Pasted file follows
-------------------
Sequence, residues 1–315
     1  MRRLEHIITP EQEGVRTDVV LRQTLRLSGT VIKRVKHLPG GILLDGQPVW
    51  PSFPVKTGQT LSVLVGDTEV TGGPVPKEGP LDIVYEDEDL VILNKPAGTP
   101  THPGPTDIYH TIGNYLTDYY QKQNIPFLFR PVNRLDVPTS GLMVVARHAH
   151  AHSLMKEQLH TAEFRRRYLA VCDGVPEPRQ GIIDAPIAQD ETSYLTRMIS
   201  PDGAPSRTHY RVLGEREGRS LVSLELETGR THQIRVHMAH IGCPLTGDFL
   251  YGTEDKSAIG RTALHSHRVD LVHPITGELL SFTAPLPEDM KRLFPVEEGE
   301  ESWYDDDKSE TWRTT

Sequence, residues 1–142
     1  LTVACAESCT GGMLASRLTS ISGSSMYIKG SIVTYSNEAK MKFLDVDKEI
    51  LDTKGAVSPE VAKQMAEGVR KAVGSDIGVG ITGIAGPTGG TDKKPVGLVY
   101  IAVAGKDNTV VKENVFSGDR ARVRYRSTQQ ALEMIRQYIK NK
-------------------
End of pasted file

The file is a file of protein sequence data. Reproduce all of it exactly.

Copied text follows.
Sequence, residues 1–315
     1  MRRLEHIITP EQEGVRTDVV LRQTLRLSGT VIKRVKHLPG GILLDGQPVW
    51  PSFPVKTGQT LSVLVGDTEV TGGPVPKEGP LDIVYEDEDL VILNKPAGTP
   101  THPGPTDIYH TIGNYLTDYY QKQNIPFLFR PVNRLDVPTS GLMVVARHAH
   151  AHSLMKEQLH TAEFRRRYLA VCDGVPEPRQ GIIDAPIAQD ETSYLTRMIS
   201  PDGAPSRTHY RVLGEREGRS LVSLELETGR THQIRVHMAH IGCPLTGDFL
   251  YGTEDKSAIG RTALHSHRVD LVHPITGELL SFTAPLPEDM KRLFPVEEGE
   301  ESWYDDDKSE TWRTT

Sequence, residues 1–142
     1  LTVACAESCT GGMLASRLTS ISGSSMYIKG SIVTYSNEAK MKFLDVDKEI
    51  LDTKGAVSPE VAKQMAEGVR KAVGSDIGVG ITGIAGPTGG TDKKPVGLVY
   101  IAVAGKDNTV VKENVFSGDR ARVRYRSTQQ ALEMIRQYIK NK